Seeking advice on material choice for awning bracket spacer

outback97

Adventurer
Hey, I'm hoping someone here has some suggestions for a small project I need to wrap up. We have an Xterra with a DIY roof rack consisting of low profile unistrut crossbars attached with vibration damping ubolts. It's great for attaching cargo boxes, gas cans, traction boards, etc.



Recently I acquired an ARB 2000 awning and I am using ARB's awning brackets to mount it. I had hoped it would line up perfectly on my rack but I had to raise it up to clear the back door. I used some short strut channel lengths as a temporary spacer solution before our last trip, as shown in the photo above and the detail below.



What I'm wondering is what type of material I should consider using as a spacer block between the awning bracket and the strut crossbar. I could just leave it as shown above, but I would prefer something that just comes off with the awning brackets when I unbolt it for storage. I don't want to leave the awning on between trips as the vehicle is parked outside 100% of the time.

I am thinking some strong plastic that could be cut into about a 1.75" W x 6" L x .75" H block. This would then be drilled with holes matching those on the awning bracket, and when I mount it up I'd just use spring nuts in the strut channel to attach to as I do right now. It'd just be longer bolts going through awning bracket, spacer, and spring nut. I could even cut a shallow rabbet in the bottom of the spacer to key it into the strut channel.

What about something like this? Other materials I should be looking at?
https://www.mcmaster.com/#8540k325/=192f1nw
 
Last edited:

Airmapper

High-Tech Redneck
If I understand the mounting right it doesn't seem you will be putting a ton of stress on anything, awnings are not that heavy and just sit there.

I think for your purpose the nylon would probably be just fine. I'd also consider UHMW or Aluminum. I'd stay far away from anything corrosive.
 

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outback97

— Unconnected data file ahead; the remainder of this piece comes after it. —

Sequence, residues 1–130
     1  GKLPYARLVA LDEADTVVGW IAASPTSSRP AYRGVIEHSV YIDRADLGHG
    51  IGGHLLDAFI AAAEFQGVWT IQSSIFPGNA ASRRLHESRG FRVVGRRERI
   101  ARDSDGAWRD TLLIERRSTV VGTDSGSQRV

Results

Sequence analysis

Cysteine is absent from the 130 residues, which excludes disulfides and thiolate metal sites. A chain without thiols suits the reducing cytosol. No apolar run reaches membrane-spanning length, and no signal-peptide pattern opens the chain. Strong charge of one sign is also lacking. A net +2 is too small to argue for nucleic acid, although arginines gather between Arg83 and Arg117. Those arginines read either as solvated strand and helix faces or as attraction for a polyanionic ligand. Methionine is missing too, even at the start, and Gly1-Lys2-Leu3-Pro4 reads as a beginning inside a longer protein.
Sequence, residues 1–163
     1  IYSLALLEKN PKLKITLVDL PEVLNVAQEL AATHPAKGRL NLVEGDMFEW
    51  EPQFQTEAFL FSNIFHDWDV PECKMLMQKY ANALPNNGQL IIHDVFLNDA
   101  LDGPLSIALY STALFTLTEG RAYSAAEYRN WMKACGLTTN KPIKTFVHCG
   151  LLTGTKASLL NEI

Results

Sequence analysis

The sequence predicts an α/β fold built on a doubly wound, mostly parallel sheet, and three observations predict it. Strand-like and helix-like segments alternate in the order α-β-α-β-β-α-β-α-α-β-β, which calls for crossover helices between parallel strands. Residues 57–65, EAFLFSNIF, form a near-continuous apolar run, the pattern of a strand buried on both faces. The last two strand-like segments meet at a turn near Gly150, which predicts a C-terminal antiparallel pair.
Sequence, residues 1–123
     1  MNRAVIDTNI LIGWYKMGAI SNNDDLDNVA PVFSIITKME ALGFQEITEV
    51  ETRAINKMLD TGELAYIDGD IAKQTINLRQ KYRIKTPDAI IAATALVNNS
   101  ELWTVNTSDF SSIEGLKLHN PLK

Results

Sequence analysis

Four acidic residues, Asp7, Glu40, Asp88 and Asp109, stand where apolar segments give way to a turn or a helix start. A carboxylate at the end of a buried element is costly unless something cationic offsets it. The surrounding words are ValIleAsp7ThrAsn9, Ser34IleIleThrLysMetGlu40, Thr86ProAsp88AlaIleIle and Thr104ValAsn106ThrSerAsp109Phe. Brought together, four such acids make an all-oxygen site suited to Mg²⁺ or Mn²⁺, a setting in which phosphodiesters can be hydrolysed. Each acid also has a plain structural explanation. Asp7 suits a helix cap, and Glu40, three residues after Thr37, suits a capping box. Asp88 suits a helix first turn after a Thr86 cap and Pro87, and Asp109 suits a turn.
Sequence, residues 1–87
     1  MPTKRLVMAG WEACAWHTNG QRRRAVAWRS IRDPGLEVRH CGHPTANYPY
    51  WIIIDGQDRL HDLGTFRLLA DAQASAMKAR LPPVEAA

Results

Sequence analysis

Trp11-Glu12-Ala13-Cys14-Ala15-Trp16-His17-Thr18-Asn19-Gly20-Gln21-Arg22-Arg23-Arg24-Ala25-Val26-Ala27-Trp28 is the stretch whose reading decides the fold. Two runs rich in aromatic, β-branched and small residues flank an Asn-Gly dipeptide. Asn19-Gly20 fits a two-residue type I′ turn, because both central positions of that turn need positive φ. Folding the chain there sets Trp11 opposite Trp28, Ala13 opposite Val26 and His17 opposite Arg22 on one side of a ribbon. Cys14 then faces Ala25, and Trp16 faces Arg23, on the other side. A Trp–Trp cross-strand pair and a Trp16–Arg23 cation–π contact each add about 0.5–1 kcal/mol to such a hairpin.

Adventurer
If I understand the mounting right it doesn't seem you will be putting a ton of stress on anything, awnings are not that heavy and just sit there.

I think for your purpose the nylon would probably be just fine. I'd also consider UHMW or Aluminum. I'd stay far away from anything corrosive.
Thanks Airmapper. I agree that in this application I don't think it's being put under a lot of stress. It's just there to raise the bracket up about 3/4", and I think it mainly needs to resist being compressed.

Looks like UHMW you mentioned might be a better choice than the nylon material I linked above. Lower tensile strength, but better impact resistance and lower moisture absorption. Both of them say they're not for use outdoors, but for my purposes I cannot see why not. It won't be outside for long periods of time.

https://www.mcmaster.com/#4296a165/=192k23y

Delrin or aluminum would be my choice.
Thanks, Delrin looks like another good option.

https://www.mcmaster.com/#8575k145/=192k7dn

I also think aluminum would work well, but I don't have a good way to cut grooves into it, whereas plastic would be easier to work with.

Micarta !
Sounds like a lot more work!
 

rayra

Expedition Leader
delrin, nylon, aluminum. Hell renshape would work. So would wood, if you could. Or the recycled plastic deck boards. Any solid chunk of material you could trim to shape to use as a spacer block between the awning bracket and your rack crossbar. You could also use square tubular steel or aluminum, if you find a size that matches what you want..
 

outback97

Adventurer
I decided to go with delrin since it sounds like it'll be easier to work with than UHMW, and it was about the same price as the nylon.